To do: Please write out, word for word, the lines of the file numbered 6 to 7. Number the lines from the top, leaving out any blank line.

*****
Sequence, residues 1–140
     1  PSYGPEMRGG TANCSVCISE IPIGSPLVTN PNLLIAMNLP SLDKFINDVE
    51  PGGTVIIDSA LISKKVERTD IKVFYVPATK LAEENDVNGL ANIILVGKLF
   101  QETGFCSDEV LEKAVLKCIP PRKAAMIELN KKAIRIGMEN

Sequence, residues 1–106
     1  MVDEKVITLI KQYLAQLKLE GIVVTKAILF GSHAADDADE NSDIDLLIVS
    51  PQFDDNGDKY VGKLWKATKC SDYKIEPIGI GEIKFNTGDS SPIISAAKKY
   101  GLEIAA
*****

     1  MVDEKVITLI KQYLAQLKLE GIVVTKAILF GSHAADDADE NSDIDLLIVS
    51  PQFDDNGDKY VGKLWKATKC SDYKIEPIGI GEIKFNTGDS SPIISAAKKY